Finnish Army Research Organisation

Conducting research on factors that affect the service’s operating, the Army Research Centre produces analyses for examining in which direction the Finnish Army, its service branches and functional areas need to be developed.

Established in conjunction with the defence reform in 2015, the Army Research Centre comprises the Land Combat Centre and Research and Development Department operating as a battalion-level unit subordinate to the Army Academy with its personnel strength of approximately 70 substance-matter experts and work site locations in Hamina, Riihimäki, Hattula and Niinisalo. Each year, the Army Research Centre produces over 50 research reports that range from minor field test reports to extensive research reports.

The research on the Army development relies on and uses as its seminal reference the strategic research on defence system development primarily produced by the Finnish Defence Forces’ Defence Research Agency in particular.

For the Army Research Centre, the key cooperation partners include the Finnish Defence Forces’ Defence Research Agency, the National Defence University, and research establishments of the other services as well industrial strategic partners. Moreover, research cooperation activities will be on the increase with international stakeholders such as, for instance, the NATO Science and Technology Organization (STO), the U.S. Army Training and Doctrine Command (TRADOC), and the Nordic countries.

Contributing to long-term research carried out for future purposes, the Army fields of research look into how to replace the service branches’ capabilities as the life cycle service span of weapons systems will be retired. Since the service branches never wage war as such, the entity of Army combat remains the decisive factor. Thereby the service branches’ concepts form a logically fitted supplement within the Army combat doctrine. This furthermore provides the basis for setting the forces’ performance capability requirements that in turn determine the specification requirements for the joint effects inflicted by deploying varying weapons systems and standardized procedures.

The operations-tactical research is threat-based and conducted by the personnel of the Land Combat Centre, Army battalion-level units, establishments subordinate to the Defence Command, other services, and the Finnish Border Guard. Research cooperation ensures adopting a comprehensive approach that accounts for the joint-operations framework in the research of land combat operations. The Land Combat Centre has carried out research on, among other things, executing land operations in a rapidly evolving situational framework. The objective of this research is to produce the utilisation and operating principles of the Army and its forces in a changing operational and security environment. This research emphasises assessment of the operational and security environment, execution of land combat operations as part of the Finnish Defence Forces’ operations and inter-agency cooperation, as well as charting the reform needs in the structures of the Army wartime troops.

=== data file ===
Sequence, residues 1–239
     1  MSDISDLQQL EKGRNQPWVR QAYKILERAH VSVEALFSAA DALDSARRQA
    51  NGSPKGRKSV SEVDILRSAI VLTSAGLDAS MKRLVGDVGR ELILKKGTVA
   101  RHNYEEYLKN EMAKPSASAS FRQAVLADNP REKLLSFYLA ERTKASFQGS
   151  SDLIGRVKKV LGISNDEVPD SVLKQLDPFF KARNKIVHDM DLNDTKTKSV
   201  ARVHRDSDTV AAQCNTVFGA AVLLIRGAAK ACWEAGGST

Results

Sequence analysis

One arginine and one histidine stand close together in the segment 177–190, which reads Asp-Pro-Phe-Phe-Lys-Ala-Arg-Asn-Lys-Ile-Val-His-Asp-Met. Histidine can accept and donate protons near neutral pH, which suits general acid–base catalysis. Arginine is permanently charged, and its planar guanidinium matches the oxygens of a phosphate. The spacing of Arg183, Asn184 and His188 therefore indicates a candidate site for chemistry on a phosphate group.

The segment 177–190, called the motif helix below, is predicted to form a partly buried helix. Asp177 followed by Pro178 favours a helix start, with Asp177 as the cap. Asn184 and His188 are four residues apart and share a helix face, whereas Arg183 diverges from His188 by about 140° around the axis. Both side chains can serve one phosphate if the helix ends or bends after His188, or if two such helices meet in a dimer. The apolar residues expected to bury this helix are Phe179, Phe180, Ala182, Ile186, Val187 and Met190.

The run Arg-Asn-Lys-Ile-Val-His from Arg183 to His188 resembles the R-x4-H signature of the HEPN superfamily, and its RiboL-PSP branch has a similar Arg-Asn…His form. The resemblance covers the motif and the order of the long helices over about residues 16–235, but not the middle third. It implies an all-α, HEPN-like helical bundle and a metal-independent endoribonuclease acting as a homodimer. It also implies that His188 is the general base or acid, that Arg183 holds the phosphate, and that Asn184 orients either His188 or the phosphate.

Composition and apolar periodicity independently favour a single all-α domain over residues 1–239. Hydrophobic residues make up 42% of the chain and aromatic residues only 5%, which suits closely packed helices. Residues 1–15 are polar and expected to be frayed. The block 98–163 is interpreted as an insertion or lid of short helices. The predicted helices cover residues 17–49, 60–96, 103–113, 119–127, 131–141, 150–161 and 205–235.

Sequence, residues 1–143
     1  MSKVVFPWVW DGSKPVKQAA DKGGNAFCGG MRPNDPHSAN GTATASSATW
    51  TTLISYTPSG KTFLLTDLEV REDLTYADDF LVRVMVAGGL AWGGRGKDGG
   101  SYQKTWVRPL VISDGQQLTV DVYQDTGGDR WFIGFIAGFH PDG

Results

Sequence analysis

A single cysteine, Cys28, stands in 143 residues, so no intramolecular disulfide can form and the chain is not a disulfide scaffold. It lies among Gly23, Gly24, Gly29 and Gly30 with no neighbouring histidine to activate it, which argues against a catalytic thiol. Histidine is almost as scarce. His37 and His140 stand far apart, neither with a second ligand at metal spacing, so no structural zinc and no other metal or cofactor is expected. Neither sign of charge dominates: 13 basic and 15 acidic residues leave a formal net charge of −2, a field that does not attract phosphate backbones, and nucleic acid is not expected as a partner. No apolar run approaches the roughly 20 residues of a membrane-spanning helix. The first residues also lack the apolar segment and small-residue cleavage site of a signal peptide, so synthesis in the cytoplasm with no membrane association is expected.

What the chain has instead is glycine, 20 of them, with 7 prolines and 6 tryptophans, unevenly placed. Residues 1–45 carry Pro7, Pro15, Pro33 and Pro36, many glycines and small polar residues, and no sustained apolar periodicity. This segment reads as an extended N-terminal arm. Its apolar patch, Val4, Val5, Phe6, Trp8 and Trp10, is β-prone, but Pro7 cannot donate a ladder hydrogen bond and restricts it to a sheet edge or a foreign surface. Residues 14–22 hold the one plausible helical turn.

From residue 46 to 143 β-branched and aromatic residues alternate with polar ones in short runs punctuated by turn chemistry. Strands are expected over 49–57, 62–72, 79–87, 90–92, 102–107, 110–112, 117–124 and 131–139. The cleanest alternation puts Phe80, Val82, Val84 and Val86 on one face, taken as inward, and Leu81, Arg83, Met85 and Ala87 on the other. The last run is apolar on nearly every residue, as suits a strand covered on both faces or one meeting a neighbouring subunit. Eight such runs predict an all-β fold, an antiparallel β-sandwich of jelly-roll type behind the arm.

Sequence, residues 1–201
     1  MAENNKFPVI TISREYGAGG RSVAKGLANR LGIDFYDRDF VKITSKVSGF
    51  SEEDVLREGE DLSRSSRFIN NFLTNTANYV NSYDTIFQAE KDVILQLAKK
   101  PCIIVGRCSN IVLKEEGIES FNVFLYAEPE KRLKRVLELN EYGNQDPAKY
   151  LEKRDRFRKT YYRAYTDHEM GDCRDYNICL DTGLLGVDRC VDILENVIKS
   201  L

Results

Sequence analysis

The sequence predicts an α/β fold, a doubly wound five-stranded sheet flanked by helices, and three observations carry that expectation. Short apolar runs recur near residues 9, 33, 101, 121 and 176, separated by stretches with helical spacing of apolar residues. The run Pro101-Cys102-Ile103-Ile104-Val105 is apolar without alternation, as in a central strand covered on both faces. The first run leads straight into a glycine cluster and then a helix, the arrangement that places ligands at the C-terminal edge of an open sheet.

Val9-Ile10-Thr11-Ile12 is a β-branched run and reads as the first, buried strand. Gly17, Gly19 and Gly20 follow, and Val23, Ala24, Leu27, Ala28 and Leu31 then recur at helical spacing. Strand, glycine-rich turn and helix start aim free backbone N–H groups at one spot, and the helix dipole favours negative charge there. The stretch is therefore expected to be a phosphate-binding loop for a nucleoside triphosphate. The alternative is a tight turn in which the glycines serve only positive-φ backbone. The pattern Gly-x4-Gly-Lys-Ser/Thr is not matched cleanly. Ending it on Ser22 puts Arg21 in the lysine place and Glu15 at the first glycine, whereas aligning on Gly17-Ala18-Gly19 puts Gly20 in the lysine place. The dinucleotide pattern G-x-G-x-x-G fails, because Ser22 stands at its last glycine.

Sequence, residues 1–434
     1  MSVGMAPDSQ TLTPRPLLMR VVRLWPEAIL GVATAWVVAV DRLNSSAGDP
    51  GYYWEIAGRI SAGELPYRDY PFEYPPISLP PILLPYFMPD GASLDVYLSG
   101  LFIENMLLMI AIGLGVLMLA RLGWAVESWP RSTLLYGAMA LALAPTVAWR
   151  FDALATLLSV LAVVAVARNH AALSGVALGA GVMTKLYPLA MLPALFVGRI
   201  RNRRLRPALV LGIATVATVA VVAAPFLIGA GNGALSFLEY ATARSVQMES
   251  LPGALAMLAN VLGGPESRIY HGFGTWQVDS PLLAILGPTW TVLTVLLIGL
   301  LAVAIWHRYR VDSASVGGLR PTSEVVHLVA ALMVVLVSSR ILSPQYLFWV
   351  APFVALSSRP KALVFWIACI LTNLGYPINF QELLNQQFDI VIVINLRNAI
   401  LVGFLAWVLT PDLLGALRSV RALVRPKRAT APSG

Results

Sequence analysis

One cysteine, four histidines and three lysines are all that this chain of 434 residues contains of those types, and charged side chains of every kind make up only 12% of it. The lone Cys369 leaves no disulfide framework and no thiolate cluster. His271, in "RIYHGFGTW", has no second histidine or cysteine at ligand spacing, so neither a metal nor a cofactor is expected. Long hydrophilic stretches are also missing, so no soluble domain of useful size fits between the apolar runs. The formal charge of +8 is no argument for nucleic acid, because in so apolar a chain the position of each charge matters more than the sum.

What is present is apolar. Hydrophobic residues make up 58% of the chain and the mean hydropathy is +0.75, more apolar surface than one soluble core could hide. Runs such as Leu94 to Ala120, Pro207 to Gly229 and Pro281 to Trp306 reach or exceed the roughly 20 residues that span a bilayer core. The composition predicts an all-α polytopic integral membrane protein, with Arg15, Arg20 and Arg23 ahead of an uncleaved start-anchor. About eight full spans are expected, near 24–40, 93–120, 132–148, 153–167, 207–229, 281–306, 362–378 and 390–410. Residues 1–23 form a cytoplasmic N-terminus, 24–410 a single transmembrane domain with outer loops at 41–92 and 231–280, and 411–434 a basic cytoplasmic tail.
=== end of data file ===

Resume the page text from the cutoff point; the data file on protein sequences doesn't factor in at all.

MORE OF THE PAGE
Over the course of the year 2018, the focus of the operations-tactical research is undergoing a shift in its focus. As regards Army materiel and personnel, the Army capability remains well sustained until the beginning of the 2030s, when the life cycle service span of a number of weapons systems will undergo decommissioning. This means that the trip tick for land defence in the 2030s is outlined in the start of the 2020s to build up the necessary capability as a controlled process. This outlining has begun by examining the operational environment of the 2030s in light of the promptly advancing technologies. In this realm, one of the key factors examined is the development of autonomous systems and artificial intelligence with ensuing military applications. As such, conducting research with this wide a scope is challenging and presupposes extensive cooperation both within the Finnish Defence Forces and internationally.

The Research and Development Department of the Army Research Centre carries out the set assigned field tests and testing activities part of the Army programmes. The department’s key clients are the Inspectors of service branches who guide the work of the department’s implementing sectors as owners in the process of capability development. The versatility and wide scope of the work carried out by the department is well characterized by the studies conducted that, for example, range from examining the equipment of an individual soldier all the way to studying the command and control systems of an Army formation-level force as well as the Army information system. At present, the end products most visible to Finnish Defence Forces’ troops include the software-defined radio -based communications system M18 and MATI2 information system with its MATI2 combat control system.

Parallel to the set testing drills, research and experimentation activities are also carried out in conjunction with conscripts’ combat exercises and in refresher training exercises. As a result of long-term research and testing, we have developed standardized operating procedures that are most optimal in our operational circumstances with technological solutions that are best suited for serving in these conditions.

Development continues in close cooperation with industrial and strategic partners, and international cooperation increases in the fields of CBRNe and fire control in particular. Thereby part of this international cooperating takes place among the multinational user groups of varying weapons systems, such as the LEOBEN cooperation in conjunction with the Leopard main battle tank.